World Health Organization unveils ironic ‘Stop The Lies’ campaign

The selective critique of Big Tobacco by the World Health Organization sparks questions about Big Pharma’s role as an even larger and more powerful player in the health policy arena.

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The World Health Organization launched a “Stop The Lies” campaign last week that ironically fails to criticize itself.

The campaign, geared toward Big Tobacco, is meant to highlight how the tobacco industry influences public health policies.

The WHO press release states that this is a “vital initiative to protect young people from the tobacco industry and their deadly products” in which they call for an “end to tobacco industry interference in health policy.”

On X (formerly Twitter), the WHO attempts to expose Big Tobacco’s deceptive tactics using the hashtag #TobaccoExposed. The organization details how the industry invests billions to influence public health policies, feigns commitment to a smoke-free world, funds questionable science for sustainability optics, and supports front groups opposing tobacco control laws.

In a painful inability to see beyond Big Tobacco, the WHO says that it supports young people who demand governments protect them from the deadly industry. The WHO points out that the tobacco industry lies to the public and spreads misinformation through the investments and tactics mentioned above.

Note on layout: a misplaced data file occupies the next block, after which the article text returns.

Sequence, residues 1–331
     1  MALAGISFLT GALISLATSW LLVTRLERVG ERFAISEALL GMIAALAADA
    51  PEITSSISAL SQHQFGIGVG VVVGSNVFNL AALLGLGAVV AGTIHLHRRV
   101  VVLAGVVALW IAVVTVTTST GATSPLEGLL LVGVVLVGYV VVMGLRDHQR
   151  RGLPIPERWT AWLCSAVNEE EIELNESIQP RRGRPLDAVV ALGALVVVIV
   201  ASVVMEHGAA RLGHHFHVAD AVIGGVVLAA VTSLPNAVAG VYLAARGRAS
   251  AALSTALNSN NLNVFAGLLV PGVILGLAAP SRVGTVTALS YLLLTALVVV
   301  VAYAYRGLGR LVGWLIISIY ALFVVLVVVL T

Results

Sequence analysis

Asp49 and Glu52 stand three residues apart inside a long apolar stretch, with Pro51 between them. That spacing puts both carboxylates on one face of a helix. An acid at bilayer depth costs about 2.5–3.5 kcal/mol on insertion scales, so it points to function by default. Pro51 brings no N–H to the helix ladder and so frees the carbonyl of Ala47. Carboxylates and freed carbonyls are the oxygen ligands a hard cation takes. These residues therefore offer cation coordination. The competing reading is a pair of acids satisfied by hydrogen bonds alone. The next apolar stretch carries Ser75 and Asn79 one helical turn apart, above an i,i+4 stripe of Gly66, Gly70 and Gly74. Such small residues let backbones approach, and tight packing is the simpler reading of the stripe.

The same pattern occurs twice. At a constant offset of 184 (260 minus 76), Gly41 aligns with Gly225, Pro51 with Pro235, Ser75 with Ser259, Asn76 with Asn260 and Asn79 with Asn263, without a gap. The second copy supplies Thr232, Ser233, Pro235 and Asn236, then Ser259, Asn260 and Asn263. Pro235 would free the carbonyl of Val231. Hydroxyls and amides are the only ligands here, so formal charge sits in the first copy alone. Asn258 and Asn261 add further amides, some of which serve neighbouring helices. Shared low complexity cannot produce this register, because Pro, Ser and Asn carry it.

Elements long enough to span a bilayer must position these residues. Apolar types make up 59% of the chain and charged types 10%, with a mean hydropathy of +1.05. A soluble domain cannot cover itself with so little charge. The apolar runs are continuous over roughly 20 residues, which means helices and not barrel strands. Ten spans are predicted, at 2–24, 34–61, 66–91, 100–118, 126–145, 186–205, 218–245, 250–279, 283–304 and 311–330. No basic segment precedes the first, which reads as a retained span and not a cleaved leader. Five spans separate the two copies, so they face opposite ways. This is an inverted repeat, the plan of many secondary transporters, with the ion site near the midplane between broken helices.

But the irony is not lost on many. As the WHO passionately condemns Big Tobacco for manipulating health policies, it seems to suffer from a selective lack of introspection as the campaign's principles can be applied more powerfully to an even larger and influential player in the health policy arena—Big Pharma.

How does the pharmaceutical industry, along with global health organizations like the WHO, and non-government agencies such as the Global Vaccine Alliance (GAVI) and the Bill and Melinda Gates Foundation, leverage their substantial resources and power to shape public health policies and influence population compliance?

As the WHO highlights the dangers of "unchecked" tobacco tactics, one can't help but wonder: When, will they do the same for Big Pharma? Or is it too much of a sacred cow?

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